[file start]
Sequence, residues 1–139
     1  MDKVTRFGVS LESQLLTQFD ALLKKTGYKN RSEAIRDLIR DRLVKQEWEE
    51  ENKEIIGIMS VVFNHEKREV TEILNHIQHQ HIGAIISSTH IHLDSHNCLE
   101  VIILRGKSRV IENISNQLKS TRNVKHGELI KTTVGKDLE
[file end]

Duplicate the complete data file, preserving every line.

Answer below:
Sequence, residues 1–139
     1  MDKVTRFGVS LESQLLTQFD ALLKKTGYKN RSEAIRDLIR DRLVKQEWEE
    51  ENKEIIGIMS VVFNHEKREV TEILNHIQHQ HIGAIISSTH IHLDSHNCLE
   101  VIILRGKSRV IENISNQLKS TRNVKHGELI KTTVGKDLE